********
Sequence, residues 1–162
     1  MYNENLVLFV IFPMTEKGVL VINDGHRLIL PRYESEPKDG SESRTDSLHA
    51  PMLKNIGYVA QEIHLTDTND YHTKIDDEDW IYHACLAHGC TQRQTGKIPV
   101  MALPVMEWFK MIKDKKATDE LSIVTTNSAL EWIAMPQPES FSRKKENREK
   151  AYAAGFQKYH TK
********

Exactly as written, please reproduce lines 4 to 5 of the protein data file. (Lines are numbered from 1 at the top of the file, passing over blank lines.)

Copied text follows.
   101  MALPVMEWFK MIKDKKATDE LSIVTTNSAL EWIAMPQPES FSRKKENREK
   151  AYAAGFQKYH TK